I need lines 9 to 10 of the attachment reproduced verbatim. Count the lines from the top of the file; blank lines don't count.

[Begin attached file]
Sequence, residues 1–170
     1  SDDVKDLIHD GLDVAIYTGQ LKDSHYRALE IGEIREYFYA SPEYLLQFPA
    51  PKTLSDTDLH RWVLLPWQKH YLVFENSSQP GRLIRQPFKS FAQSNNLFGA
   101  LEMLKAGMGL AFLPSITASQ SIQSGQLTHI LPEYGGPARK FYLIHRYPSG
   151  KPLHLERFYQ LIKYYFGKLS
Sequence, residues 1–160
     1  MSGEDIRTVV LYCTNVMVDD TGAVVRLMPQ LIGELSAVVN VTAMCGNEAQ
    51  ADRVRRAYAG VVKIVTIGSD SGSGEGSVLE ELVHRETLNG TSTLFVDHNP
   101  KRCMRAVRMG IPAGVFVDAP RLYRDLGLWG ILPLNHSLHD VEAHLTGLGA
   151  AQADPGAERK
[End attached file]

   101  KRCMRAVRMG IPAGVFVDAP RLYRDLGLWG ILPLNHSLHD VEAHLTGLGA
   151  AQADPGAERK